On June 3, 2000, the “Horse Incident” landed Kenny Chesney, 32, and Tim McGraw, 33, in jail in Buffalo, New York. The longtime friends faced a slew of pretty serious charges, but they were completely exonerated by a jury 11 months later.
Whoa, horsey, what a ride it was. Let’s rewind back to 2000. Because this story has a lot of horsepower.
‘Facts’ of the Matter
First, keep in mind that by 2000, Tim McGraw was a bonafide superstar. Tim had topped the charts with a handful of albums and scored 11 No. 1 hits. Tim and Faith Hill married in 1996 to form country music’s power couple. Tim was a country music stud, excuse the horse reference, but there will be more. Kenny, on the other hand, had not reached the superstar stratosphere. While he was certainly on his way, Kenny wasn’t on Tim’s fame level, yet.
On June 3, 2000, Buffalo played host to the George Strait Country Music Festival at Ralph Wilson Stadium (home of the Buffalo Bills). The lineup included Tim, Kenny, George Strait, Martina McBride, Lee Ann Womack, and more.
Now, the “facts” of this story depend on who you believe: Kenny and Tim or the Erie County Sheriff’s Office. For the sake of a lengthy they-said-they-said discussion, here’s the gist.
In the backstage area of the stadium, where the tour buses were corralled, Kenny Chesney received permission to “sit” on a police horse named Chico. This is not disputed by either side. But here’s where things got muddled.
Kenny started riding the equine toward his pals. The sheriff’s deputies claimed they told Kenny to stop. Kenny did not. Two officers hopped in car and took off after Kenny. The officers exited the car and began forcibly removing Kenny from the horse. When Tim McGraw, who was coming offstage, saw Kenny in distress, he and tour manager Mark Russo got “involved.”
Kenny, Tim, and Mark were arrested. Officers claimed Tim put one of them in a headlock and choked the officer. Kenny was cited for disorderly conduct and posted a $100 bail.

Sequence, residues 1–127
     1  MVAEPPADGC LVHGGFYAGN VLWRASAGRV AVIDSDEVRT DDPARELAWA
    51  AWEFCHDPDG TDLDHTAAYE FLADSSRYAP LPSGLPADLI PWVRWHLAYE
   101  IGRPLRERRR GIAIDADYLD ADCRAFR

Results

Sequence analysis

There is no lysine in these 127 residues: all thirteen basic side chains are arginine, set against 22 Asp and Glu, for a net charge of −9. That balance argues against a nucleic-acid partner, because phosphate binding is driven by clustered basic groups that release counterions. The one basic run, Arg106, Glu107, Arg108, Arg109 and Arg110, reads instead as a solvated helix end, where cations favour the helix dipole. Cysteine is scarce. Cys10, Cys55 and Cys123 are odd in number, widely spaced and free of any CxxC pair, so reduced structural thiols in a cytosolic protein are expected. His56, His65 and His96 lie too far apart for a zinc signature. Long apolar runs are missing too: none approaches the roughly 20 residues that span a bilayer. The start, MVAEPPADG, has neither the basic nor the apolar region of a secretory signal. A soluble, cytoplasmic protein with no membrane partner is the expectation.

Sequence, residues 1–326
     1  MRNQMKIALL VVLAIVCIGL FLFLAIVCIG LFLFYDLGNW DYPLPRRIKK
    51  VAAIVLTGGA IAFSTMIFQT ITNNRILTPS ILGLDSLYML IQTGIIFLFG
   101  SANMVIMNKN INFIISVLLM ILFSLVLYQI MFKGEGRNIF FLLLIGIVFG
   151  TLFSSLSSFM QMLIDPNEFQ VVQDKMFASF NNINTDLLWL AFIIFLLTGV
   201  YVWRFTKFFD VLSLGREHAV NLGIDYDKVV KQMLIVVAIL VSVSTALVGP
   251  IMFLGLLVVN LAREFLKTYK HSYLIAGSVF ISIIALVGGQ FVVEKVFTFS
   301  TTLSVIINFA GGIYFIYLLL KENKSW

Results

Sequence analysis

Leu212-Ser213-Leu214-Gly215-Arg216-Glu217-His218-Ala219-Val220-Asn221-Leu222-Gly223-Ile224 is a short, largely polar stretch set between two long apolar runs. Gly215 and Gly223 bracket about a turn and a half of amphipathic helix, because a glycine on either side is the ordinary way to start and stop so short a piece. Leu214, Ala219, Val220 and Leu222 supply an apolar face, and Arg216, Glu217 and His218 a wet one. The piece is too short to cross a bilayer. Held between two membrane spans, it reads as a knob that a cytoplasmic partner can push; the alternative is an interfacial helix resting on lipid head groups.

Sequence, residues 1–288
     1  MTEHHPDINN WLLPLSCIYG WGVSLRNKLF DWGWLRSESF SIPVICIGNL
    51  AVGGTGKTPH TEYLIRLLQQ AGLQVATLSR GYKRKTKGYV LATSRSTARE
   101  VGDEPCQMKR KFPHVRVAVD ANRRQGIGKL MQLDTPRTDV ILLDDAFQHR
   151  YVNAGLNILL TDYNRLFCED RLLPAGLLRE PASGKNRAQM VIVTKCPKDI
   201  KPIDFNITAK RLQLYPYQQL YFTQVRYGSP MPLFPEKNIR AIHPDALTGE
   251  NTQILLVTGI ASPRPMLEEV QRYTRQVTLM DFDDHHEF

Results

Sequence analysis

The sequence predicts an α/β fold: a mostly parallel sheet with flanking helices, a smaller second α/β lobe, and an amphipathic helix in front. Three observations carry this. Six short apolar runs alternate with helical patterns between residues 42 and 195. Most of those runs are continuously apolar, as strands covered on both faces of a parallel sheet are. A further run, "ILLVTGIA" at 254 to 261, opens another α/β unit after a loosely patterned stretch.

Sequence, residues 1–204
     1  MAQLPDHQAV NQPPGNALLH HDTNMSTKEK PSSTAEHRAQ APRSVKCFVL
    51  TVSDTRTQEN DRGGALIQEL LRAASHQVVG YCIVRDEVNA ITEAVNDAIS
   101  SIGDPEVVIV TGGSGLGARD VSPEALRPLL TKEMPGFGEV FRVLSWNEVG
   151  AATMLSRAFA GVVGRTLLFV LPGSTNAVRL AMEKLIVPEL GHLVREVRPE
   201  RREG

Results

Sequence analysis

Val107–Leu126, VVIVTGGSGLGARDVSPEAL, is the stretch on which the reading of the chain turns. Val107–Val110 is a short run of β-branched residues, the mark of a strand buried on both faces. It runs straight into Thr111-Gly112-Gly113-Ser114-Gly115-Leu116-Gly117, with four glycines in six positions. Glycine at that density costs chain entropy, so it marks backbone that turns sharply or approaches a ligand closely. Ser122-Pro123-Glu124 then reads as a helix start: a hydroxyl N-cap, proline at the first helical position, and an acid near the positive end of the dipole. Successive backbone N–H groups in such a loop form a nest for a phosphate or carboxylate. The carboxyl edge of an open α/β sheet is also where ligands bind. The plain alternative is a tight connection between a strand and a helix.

Now, this is where it got serious: Tim was charged with second-degree assault (which is a felony), menacing, resisting arrest, and obstructing governmental administration. Tim posted a $2,500 bail. Mark faced similar charges, minus the assault. Of course, the “Horse Incident” made the cover of the New York Post, as well as being picked up by Us Weekly, People, and additional outlets.
If the Saddle Fits, You Must Acquit
No publicity is bad publicity. On June 12, spurred on by the hullabaloo, Kenny Chesney made his first appearance on The Tonight Show—riding a horse, no less. And, the circus continued when Faith Hill, dressed as a police officer at one of her concerts, handcuffed Tim on stage (and speaking of circuses, Tim released his new album, Set This Circus Down, in April 2001, which was an overt reference to the “Horse Incident”).
While the felony charges were dropped in August 2000, the “Horse Incident” dragged on for 11 months. Tim still faced misdemeanor assault charges. In addition, Kenny and Tim refused to admit any wrongdoing in exchange for reduced charges. In fact, if convicted of all charges, Tim faced up to one year in prison and Chesney faced 15 days. Instead, Tim and Kenny (and Mark) went to trial in Buffalo in May 2001, where they both took the stand. Tim admitted to pushing an officer but denied grabbing him by the neck.
As The Buffalo News reporter Donn Esmonde wrote on May 16, 2001: “The real crime is against common sense. Misdemeanor assault cases go to trial as often as Faith Hill wears combat boots. Usually everybody calms down, works something out and goes home.”
The Verdict: Kenny Chesney & Tim McGraw Go Free
Of course, there was still one more twist to the trial. As the trial was drawing to a close, the presiding judge suffered a heart attack. However, he was replaced, avoiding a mistrial. On May 23, the new judge instructed the jury to acquit if they believe Tim was reasonably justified in pushing the officer. After two hours of deliberation, the jury returned with a “not guilty” verdict on all charges. The courtroom crowd erupted in applause. Tim and Kenny hugged, while Faith Hill wiped away tears.
“We have been waiting 11 months to have our day in trial, we didn’t want any plea bargain, we wanted to tell our story and tell the truth,” said Tim McGraw after the verdict was reached. “The justice system works. The people of Buffalo have been wonderful to us, we have nothing against them. We’ll be back, we’ll play music here and just appreciate everybody’s support. Justice prevails.”
“Tim and I told the truth for 11 months and we sat tight, we kept our lips shut, and we told the truth this week, and the truth prevailed,” added Kenny Chesney.
Here we are 22 years later. Both Kenny Chesney (No. 13) and Tim McGraw (No. 9) are Top 20 Best-Selling Country Artists of All Time. Meanwhile, we can all have a good
neigh laugh about the “Horse Incident.”